Twitter CEO Jack Dorsey Addresses Banning Donald Trump From The Platform

President Donald Trump Holds Press Briefing

“A company making a business decision to moderate itself is different from a government removing access, yet can feel much the same.”

Yesterday, Donald John Trump became the first President of the United States to be impeached twice. The U.S. House of Representatives voted 232 to 197 to approve an article of impeachment charging Trump with “incitement of insurrection” against the U.S. government.

Ten House Republicans voted against their own party leader and aligned with the Democrats in order to hold the lame-duck President responsible for inciting a mob of MAGA supporters to attack the U.S. Capitol Building in Washington, DC. Five people died during the failed January 6 coup attempt to overturn President-Elect Joe Biden’s election victory, including one U.S. Capitol Police officer.

Unlike with his first impeachment in 2019-2020, Trump was not able to use Twitter to rage-tweet about the proceedings or spread false conspiracy theories to his millions of followers. Twitter, along with many other social media companies, banned the president from its platform after the 1/6 Capitol Insurrection.

The de-platforming of Trump led to debates about free speech online and inconsistent enforcement of Twitter’s terms of service violations. Twitter CEO Jack Dorsey addressed why his private business decided to remove the sitting POTUS from the service. In a series of tweets, the 44-year-old billionaire technology entrepreneur laid out an explanation for the unprecedented move and his vision of achieving an “open internet.”

Dorsey tweeted:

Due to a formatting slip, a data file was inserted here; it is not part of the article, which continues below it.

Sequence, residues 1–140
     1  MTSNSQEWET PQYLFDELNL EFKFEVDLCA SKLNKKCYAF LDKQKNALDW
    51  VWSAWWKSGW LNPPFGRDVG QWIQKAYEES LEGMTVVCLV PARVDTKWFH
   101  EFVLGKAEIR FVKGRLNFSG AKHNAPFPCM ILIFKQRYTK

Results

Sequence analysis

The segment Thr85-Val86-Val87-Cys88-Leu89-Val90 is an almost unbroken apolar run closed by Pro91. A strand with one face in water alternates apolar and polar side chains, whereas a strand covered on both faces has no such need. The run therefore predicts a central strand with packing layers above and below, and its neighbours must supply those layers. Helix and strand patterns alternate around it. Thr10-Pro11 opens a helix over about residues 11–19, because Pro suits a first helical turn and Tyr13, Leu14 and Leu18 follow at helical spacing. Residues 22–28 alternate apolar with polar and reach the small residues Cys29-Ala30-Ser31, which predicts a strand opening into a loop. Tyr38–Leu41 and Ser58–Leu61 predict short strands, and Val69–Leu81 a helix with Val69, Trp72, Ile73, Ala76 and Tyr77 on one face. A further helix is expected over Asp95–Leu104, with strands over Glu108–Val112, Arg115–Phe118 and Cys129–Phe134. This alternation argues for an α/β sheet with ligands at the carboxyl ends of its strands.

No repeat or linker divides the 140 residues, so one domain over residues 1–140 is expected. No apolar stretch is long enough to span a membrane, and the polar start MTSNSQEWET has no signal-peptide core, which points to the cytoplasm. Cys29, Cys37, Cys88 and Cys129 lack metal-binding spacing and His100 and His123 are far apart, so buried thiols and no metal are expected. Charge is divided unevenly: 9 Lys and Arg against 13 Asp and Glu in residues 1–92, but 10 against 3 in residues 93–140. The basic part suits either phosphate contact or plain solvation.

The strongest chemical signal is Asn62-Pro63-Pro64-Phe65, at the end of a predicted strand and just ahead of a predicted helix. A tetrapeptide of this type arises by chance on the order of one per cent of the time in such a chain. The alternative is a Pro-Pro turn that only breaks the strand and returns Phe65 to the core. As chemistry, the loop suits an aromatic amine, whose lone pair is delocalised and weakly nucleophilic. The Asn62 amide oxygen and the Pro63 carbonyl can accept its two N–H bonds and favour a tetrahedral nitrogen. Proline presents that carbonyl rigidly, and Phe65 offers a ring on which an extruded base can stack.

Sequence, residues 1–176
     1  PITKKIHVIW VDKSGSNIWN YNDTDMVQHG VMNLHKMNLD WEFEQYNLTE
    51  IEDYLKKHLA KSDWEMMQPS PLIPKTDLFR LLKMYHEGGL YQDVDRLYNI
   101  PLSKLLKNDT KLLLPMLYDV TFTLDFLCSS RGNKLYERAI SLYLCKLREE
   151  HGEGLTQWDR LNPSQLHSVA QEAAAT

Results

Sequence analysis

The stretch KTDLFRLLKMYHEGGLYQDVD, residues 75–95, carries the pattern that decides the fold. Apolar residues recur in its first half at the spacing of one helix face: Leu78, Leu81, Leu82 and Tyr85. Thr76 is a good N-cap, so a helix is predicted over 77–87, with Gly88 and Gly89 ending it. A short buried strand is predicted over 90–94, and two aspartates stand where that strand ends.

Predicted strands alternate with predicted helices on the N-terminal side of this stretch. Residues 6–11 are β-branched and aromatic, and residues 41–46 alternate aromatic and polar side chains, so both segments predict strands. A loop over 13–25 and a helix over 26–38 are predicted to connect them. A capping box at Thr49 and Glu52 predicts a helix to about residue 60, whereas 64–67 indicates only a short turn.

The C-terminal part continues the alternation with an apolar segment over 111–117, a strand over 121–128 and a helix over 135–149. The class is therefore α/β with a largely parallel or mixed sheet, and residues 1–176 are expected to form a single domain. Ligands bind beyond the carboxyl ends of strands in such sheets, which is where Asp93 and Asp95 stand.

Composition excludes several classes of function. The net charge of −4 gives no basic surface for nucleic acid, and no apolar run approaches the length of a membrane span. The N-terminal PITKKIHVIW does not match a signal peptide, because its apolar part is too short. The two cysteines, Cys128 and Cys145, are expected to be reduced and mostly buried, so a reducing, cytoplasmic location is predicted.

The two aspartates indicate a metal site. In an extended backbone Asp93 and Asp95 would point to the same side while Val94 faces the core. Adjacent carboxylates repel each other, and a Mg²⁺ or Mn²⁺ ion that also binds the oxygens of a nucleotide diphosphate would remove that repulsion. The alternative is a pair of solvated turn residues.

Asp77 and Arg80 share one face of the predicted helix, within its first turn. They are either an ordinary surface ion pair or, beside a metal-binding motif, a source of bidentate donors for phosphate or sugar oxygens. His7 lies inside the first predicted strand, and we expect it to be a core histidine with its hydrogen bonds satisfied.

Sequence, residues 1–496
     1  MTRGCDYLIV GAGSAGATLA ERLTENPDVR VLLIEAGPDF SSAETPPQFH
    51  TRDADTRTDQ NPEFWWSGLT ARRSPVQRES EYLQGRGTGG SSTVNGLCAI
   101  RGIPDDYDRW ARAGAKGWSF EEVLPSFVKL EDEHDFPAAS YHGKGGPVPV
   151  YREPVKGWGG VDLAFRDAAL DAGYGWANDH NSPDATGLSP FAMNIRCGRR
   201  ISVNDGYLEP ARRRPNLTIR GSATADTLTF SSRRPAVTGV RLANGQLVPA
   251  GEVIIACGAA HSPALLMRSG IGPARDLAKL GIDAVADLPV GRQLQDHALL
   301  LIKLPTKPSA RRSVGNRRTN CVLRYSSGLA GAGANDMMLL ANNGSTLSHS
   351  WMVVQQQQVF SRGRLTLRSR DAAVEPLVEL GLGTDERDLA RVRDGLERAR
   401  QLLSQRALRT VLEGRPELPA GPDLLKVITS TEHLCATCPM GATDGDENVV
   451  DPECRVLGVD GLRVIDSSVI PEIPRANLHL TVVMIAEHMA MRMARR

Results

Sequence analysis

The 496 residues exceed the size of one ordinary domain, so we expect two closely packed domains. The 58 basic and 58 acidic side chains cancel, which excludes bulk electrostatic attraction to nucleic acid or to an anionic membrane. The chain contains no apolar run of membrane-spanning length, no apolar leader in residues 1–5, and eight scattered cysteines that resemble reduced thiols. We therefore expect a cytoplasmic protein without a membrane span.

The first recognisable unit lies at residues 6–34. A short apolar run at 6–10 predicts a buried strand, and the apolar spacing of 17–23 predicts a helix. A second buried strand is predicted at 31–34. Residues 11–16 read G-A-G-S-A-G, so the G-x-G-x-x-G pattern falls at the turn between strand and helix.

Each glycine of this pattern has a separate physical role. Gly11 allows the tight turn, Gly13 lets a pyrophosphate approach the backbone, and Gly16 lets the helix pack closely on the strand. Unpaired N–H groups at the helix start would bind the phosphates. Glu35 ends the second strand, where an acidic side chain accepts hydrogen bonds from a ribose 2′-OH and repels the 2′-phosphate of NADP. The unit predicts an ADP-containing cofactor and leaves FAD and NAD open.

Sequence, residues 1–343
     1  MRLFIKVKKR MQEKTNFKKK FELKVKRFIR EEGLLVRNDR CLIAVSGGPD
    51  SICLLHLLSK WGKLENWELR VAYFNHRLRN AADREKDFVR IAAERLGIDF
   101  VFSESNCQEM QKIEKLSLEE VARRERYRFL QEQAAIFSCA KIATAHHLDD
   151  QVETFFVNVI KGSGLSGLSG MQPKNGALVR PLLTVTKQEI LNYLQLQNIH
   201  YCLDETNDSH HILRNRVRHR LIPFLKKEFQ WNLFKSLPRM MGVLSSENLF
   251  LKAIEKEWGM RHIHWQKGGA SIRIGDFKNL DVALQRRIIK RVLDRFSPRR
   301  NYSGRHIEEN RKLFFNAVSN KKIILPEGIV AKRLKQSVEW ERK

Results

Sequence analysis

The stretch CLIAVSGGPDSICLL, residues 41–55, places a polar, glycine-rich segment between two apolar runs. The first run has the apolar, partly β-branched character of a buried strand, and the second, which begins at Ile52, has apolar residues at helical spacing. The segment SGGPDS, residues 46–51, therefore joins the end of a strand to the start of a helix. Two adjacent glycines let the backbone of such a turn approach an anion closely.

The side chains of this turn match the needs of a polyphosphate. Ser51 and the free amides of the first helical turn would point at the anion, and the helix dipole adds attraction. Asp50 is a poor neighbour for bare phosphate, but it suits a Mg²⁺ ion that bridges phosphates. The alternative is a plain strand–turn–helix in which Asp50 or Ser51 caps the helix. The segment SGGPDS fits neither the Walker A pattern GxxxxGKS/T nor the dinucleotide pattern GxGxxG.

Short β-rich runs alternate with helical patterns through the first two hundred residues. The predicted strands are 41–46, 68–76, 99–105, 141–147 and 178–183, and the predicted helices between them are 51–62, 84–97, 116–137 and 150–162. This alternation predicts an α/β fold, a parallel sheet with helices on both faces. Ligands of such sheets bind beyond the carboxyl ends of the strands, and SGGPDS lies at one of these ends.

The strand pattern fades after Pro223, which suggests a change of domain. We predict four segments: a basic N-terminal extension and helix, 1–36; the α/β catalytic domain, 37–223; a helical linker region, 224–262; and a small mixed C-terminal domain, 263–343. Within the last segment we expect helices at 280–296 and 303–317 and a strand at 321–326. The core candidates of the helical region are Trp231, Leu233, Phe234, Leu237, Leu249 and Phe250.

I do not celebrate or feel pride in our having to ban @realDonaldTrump from Twitter, or how we got here. After a clear warning we’d take this action, we made a decision with the best information we had based on threats to physical safety both on and off Twitter. Was this correct? I believe this was the right decision for Twitter. We faced an extraordinary and untenable circumstance, forcing us to focus all of our actions on public safety. Offline harm as a result of online speech is demonstrably real, and what drives our policy and enforcement above all. That said, having to ban an account has real and significant ramifications. While there are clear and obvious exceptions, I feel a ban is a failure of ours ultimately to promote healthy conversation. And a time for us to reflect on our operations and the environment around us. Having to take these actions fragment the public conversation. They divide us. They limit the potential for clarification, redemption, and learning. And sets a precedent I feel is dangerous: the power an individual or corporation has over a part of the global public conversation. The check and accountability on this power has always been the fact that a service like Twitter is one small part of the larger public conversation happening across the internet. If folks do not agree with our rules and enforcement, they can simply go to another internet service. This concept was challenged last week when a number of foundational internet tool providers also decided not to host what they found dangerous. I do not believe this was coordinated. More likely: companies came to their own conclusions or were emboldened by the actions of others. This moment in time might call for this dynamic, but over the long term it will be destructive to the noble purpose and ideals of the open internet. A company making a business decision to moderate itself is different from a government removing access, yet can feel much the same. Yes, we all need to look critically at inconsistencies of our policy and enforcement. Yes, we need to look at how our service might incentivize distraction and harm. Yes, we need more transparency in our moderation operations. All this can’t erode a free and open global internet. The reason I have so much passion for #Bitcoin is largely because of the model it demonstrates: a foundational internet technology that is not controlled or influenced by any single individual or entity. This is what the internet wants to be, and over time, more of it will be. We are trying to do our part by funding an initiative around an open decentralized standard for social media. Our goal is to be a client of that standard for the public conversation layer of the internet. We call it @bluesky. This will take time to build. We are in the process of interviewing and hiring folks, looking at both starting a standard from scratch or contributing to something that already exists. No matter the ultimate direction, we will do this work completely through public transparency. It’s important that we acknowledge this is a time of great uncertainty and struggle for so many around the world. Our goal in this moment is to disarm as much as we can, and ensure we are all building towards a greater common understanding, and a more peaceful existence on earth. I believe the internet and global public conversation is our best and most relevant method of achieving this. I also recognize it does not feel that way today. Everything we learn in this moment will better our effort, and push us to be what we are: one humanity working together.